Idioms and Phrases : E» Each and every: Every.
» Eager beaver: A person who is always eager to work hard or do extra work.
» Eagle eye: An eye with sharp visual powers.
» Earful: A scolding, much talking in the form of complaints.
» Early bird: A person who gets up early or arrives early for something.
» Early bird catches / gets the worm: A person who gets up early in the morning has the best chance of success.
» Early on: At an early stage.
» Earn one's keep: To earn one's pay or a place to live by doing some work.
» Ease off on / Ease up on (someone or something): To put less pressure on someone or something, to relax.
» Easier said than done: To be easier to talk about than to do.
» Easy come, easy go: Something that you get easily can be lost easily.
» Easy does it: Doing something slowly or without sudden movements.
» Easy-going: To be tolerant and relaxed.
» Eeasy to come by: Easy to find.
» Eat and run : To eat a meal quickly and then leave.
» Eat away at (someone): To bother someone, to worry someone / To rot or destroy something.
» Eat crow: To admit that one is mistaken or defeated or wrong.
» Eat dirt: To accept another`s insults or bad treatment.
» Eat humble pie: To admit one`s error and apologize.
» Eat in: To eat at home, to eat in a restaurant where you have a choice to either eat in the restaurant or take the food out.
» Eat like a bird: To eat very little.
» Eat like a horse: To eat a lot.
» Eat on the run: To eat while going somewhere in a hurry.
» Eat one`s cake and have it too: To use or spend something but still keep it.
» Eat one's hat: To do something extraordinary or special if something that you do not think will happen actually happens (this is always used with if and is used when you are quite certain that something will happen and if it does not happen then you will do something extraordinary or special - like eating your hat).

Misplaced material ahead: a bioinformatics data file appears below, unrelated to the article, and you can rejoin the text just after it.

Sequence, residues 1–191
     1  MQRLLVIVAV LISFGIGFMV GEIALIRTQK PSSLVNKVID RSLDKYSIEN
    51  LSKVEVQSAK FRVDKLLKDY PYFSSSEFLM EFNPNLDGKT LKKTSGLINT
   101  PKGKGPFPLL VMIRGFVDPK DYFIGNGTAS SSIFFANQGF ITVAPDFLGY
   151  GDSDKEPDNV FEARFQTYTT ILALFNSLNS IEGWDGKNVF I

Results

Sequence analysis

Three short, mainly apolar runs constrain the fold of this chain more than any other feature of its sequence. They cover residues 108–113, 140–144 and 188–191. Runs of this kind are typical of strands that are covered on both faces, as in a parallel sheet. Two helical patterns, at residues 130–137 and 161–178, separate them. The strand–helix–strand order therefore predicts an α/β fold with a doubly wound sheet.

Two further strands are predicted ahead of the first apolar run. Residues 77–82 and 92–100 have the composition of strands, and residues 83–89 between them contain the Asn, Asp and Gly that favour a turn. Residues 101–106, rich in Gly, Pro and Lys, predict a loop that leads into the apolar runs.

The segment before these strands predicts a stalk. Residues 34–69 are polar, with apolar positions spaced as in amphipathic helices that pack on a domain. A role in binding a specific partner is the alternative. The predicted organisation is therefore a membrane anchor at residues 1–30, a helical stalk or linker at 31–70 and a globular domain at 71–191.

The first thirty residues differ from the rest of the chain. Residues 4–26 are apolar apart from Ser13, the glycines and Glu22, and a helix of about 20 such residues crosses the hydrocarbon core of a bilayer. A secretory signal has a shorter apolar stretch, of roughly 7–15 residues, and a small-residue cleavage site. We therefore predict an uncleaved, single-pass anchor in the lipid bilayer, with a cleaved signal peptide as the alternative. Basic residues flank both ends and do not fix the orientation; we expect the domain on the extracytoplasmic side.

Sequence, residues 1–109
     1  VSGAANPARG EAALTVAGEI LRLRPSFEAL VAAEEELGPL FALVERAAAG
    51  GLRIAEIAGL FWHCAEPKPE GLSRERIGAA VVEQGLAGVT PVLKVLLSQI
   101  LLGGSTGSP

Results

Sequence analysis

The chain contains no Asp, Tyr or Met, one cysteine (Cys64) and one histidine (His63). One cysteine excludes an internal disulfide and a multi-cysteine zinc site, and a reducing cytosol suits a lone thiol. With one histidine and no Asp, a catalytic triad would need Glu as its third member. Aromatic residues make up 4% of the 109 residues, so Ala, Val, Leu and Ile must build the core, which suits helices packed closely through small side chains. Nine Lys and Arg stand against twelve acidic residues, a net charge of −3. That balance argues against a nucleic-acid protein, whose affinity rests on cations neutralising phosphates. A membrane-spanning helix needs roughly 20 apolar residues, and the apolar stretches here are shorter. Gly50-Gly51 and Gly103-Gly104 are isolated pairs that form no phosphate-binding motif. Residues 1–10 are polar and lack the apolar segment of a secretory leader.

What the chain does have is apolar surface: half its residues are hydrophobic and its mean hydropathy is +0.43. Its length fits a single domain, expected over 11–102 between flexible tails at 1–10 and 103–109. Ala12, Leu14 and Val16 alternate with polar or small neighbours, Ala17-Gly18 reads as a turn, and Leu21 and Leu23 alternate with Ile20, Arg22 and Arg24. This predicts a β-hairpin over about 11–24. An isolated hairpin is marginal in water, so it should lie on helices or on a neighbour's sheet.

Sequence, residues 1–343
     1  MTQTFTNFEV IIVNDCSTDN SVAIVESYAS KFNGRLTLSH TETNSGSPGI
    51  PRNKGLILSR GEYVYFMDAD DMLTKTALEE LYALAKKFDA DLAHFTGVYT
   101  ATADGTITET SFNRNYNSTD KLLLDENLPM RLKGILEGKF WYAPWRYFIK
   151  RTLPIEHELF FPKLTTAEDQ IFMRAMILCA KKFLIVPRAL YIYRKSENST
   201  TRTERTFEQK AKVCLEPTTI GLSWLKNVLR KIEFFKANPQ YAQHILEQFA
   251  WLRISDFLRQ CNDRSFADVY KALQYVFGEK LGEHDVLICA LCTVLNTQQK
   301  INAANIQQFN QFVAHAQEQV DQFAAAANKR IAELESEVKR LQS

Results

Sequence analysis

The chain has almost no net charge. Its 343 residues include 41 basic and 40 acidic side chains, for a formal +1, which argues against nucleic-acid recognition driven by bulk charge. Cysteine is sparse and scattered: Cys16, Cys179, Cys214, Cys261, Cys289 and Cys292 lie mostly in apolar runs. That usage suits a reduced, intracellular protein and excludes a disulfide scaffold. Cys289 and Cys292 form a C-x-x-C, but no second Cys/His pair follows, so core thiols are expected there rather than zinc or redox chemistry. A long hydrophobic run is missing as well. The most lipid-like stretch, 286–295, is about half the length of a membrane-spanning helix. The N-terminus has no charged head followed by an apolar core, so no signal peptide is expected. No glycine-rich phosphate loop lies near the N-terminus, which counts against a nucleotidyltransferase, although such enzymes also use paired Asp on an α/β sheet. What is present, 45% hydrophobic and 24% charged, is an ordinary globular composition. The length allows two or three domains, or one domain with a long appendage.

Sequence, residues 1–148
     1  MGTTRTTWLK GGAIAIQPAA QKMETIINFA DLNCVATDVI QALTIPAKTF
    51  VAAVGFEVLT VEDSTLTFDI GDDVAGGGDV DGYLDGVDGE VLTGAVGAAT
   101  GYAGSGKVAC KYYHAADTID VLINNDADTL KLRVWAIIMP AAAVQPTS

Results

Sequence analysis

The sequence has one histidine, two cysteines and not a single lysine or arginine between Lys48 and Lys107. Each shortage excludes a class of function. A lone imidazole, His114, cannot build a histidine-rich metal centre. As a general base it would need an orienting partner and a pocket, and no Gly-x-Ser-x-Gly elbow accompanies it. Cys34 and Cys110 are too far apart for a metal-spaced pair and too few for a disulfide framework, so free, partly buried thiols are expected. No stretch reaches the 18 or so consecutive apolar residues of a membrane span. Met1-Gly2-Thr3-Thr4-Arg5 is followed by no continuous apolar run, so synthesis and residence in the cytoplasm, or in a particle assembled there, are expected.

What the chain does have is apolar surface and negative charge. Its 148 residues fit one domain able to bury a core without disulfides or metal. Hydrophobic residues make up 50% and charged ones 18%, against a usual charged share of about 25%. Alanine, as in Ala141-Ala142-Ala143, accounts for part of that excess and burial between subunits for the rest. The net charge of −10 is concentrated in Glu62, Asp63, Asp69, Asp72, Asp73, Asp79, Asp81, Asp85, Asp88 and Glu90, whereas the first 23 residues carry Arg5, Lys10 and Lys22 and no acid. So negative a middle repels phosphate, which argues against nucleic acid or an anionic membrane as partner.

» Eat one`s heart out: To be envious, to be very sad.
» Eat one`s words: To admit being wrong in something that one has said.
» Eat out : To eat in a restaurant.
» Eat out of (someone's) hand: To do what someone else wants.
» Eat (someone) out of house and home: To eat much food in someone's home.
» Eat up (something) or eat (something) up: To enjoy or absorb or appreciate something / To eat everything on your plate.
» Eating (someone): To be bothering or worrying someone.
» Ebb and flow: The decrease and increase of something like the tide.
» Edge out (someone) or edge (someone) out: To win a competition against someone and get a job or position.
» Egg (someone) on or egg on (someone): To urge or push someone to do something.
» Either feast or famine: To be or have either too much or not enough of something.
» Eke out (a living): To earn one's living with difficulty.
» Elbow grease: The effort and strength to clean something.
» Enough space to be comfortable: The couple moved to the country in order to have more elbow room.
» Elbow (someone) out of (somewhere): To pressure someone out of somewhere.
» Eleventh-hour decision: A decision that is made at the last possible minute
» Emperor's new clothes: Used when many people believe something that is not true, a situation in which people are afraid to criticize something because everyone else seems to think that it is good or important.